A diversity index is a quantitative measure that reflects how many different types (such as species) there are in a dataset (a community), and simultaneously takes into account how evenly the basic entities (such as individuals) are distributed among those types - wikipedia
When diversity indices are used in ecology, the types of interest are usually species, but they can also be other categories, such as genera, families, functional types or haplotypes. The entities of interest are usually individual plants or animals, and the measure of abundance can be, for example, number of individuals, biomass or coverage. In demography, the entities of interest can be people, and the types of interest various demographic groups. In information science, the entities can be characters and the types the different letters of the alphabet. The most commonly used diversity indices are simple transformations of the effective number of types (also known as 'true diversity'), but each diversity index can also be interpreted in its own right as a measure corresponding to some real phenomenon (but a different one for each diversity index).
Many indices only account for categorical diversity between subjects or entities. Such indices however do not account for the total variation (diversity) that can be held between subjects or entities which occurs only when both categorical and qualitative diversity are calculated.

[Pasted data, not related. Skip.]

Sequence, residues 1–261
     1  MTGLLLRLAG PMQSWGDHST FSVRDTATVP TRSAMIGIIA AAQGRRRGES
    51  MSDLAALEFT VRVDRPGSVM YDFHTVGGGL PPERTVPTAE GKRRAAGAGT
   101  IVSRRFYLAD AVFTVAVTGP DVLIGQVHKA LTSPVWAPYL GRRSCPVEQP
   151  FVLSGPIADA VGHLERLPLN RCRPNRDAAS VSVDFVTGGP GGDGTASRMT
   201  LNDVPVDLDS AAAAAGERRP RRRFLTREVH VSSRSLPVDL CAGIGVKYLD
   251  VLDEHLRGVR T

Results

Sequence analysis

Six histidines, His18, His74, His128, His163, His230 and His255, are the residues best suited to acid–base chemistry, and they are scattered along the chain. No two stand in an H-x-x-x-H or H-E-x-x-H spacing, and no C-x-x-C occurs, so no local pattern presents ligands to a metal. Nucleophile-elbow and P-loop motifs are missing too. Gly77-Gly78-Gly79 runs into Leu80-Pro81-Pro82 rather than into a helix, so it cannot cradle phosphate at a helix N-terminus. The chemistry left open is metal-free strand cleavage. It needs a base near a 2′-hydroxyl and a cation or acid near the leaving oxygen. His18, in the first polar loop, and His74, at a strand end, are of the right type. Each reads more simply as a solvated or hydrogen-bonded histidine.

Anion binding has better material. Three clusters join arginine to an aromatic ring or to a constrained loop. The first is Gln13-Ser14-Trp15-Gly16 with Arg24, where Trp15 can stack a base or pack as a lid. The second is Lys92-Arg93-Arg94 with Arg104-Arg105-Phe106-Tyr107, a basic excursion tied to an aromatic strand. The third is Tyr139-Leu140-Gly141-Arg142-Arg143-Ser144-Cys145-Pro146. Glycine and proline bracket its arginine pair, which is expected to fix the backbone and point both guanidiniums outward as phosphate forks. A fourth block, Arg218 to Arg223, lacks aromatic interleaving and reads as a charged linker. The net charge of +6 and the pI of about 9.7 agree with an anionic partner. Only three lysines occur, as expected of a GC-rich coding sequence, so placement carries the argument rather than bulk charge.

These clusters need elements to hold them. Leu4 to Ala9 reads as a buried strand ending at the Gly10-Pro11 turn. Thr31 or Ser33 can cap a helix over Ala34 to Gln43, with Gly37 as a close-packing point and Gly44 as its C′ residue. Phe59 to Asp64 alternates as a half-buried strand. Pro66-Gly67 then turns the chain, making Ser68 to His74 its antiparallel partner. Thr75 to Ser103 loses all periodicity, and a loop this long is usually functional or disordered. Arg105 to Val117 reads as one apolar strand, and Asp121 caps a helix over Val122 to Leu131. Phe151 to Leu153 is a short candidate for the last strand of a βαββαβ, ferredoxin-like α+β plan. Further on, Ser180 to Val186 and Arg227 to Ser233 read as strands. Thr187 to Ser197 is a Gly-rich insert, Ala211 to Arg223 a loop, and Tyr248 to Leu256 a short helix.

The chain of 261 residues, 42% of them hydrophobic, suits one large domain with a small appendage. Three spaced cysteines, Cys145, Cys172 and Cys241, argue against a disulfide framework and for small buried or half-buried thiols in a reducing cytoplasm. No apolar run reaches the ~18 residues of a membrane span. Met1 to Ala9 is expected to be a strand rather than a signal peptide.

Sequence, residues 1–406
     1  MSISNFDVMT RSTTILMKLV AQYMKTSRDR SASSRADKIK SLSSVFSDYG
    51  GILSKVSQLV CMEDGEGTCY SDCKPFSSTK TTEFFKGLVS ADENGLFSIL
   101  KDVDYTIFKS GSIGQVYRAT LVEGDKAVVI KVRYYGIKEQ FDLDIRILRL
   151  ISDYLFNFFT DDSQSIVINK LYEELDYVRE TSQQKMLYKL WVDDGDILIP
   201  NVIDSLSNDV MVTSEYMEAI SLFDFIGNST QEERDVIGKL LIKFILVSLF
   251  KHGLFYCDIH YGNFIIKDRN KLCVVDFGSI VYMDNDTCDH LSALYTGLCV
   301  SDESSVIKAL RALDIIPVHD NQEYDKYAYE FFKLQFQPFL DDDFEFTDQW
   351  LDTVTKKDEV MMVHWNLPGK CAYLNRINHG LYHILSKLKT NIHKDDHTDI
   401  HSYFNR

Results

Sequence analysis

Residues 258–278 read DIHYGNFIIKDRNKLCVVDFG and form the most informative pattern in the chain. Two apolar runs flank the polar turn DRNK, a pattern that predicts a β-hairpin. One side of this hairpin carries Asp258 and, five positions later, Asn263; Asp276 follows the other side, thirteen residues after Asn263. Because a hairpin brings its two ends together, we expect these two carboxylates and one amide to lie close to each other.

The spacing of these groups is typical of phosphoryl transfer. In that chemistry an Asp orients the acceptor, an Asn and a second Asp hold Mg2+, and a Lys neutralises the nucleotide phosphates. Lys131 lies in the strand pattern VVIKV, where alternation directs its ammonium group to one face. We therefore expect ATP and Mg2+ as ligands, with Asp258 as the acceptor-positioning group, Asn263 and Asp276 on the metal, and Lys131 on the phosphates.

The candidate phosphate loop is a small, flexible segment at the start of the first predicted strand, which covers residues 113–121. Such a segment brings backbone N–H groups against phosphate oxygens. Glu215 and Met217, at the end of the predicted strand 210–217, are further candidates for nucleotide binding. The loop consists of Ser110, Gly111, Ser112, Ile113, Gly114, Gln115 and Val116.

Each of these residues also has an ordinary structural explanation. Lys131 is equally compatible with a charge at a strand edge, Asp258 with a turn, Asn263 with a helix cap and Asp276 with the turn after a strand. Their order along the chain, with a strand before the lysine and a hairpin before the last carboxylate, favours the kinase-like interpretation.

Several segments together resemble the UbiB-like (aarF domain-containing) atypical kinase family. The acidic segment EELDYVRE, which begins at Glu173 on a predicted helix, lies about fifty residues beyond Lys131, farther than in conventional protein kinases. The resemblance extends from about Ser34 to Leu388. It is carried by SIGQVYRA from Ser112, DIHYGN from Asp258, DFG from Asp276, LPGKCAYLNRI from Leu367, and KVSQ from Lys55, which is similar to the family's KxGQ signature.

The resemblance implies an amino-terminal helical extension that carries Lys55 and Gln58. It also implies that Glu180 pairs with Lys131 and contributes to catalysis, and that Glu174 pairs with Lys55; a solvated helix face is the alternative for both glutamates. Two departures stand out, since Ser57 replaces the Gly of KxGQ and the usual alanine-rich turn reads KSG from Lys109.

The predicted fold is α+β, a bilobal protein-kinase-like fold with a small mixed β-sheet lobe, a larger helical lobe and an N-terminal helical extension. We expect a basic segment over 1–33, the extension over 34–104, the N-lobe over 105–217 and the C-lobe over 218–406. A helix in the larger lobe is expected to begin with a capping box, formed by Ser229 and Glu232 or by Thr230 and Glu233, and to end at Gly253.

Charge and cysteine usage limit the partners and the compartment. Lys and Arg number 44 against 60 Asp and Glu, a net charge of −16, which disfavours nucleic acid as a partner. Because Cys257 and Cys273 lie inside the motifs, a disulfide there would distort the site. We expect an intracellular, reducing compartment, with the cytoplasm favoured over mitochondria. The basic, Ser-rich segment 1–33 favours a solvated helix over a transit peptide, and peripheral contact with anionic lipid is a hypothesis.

Richness simply quantifies how many different types the dataset of interest contains. For example, species richness (usually noted ) of a dataset is the number of different species in the corresponding species list. Richness is a simple measure, so it has been a popular diversity index in ecology, where abundance data are often not available for the datasets of interest. Because richness does not take the abundances of the types into account, it is not the same thing as diversity, which does take abundances into account. However, if true diversity is calculated with the effective number of types equals the actual number of types.
True diversity, or the effective number of types, refers to the number of equally abundant types needed for the average proportional abundance of the types to equal that observed in the dataset of interest (where all types may not be equally abundant). The true diversity in a dataset is calculated by first taking the weighted generalized mean Mq−1 of the proportional abundances of the types in the dataset, and then taking the reciprocal of this. The equation is: